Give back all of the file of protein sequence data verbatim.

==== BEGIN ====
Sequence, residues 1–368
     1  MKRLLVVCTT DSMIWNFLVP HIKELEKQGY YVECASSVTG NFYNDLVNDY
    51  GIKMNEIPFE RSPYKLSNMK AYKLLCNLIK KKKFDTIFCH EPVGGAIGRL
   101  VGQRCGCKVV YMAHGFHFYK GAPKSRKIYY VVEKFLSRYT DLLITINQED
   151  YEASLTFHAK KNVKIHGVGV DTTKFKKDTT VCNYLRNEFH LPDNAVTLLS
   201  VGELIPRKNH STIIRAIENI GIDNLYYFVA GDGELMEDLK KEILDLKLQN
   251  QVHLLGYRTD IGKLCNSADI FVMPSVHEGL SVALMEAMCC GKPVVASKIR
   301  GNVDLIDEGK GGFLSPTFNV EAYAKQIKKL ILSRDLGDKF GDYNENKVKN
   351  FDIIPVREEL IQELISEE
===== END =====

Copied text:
Sequence, residues 1–368
     1  MKRLLVVCTT DSMIWNFLVP HIKELEKQGY YVECASSVTG NFYNDLVNDY
    51  GIKMNEIPFE RSPYKLSNMK AYKLLCNLIK KKKFDTIFCH EPVGGAIGRL
   101  VGQRCGCKVV YMAHGFHFYK GAPKSRKIYY VVEKFLSRYT DLLITINQED
   151  YEASLTFHAK KNVKIHGVGV DTTKFKKDTT VCNYLRNEFH LPDNAVTLLS
   201  VGELIPRKNH STIIRAIENI GIDNLYYFVA GDGELMEDLK KEILDLKLQN
   251  QVHLLGYRTD IGKLCNSADI FVMPSVHEGL SVALMEAMCC GKPVVASKIR
   301  GNVDLIDEGK GGFLSPTFNV EAYAKQIKKL ILSRDLGDKF GDYNENKVKN
   351  FDIIPVREEL IQELISEE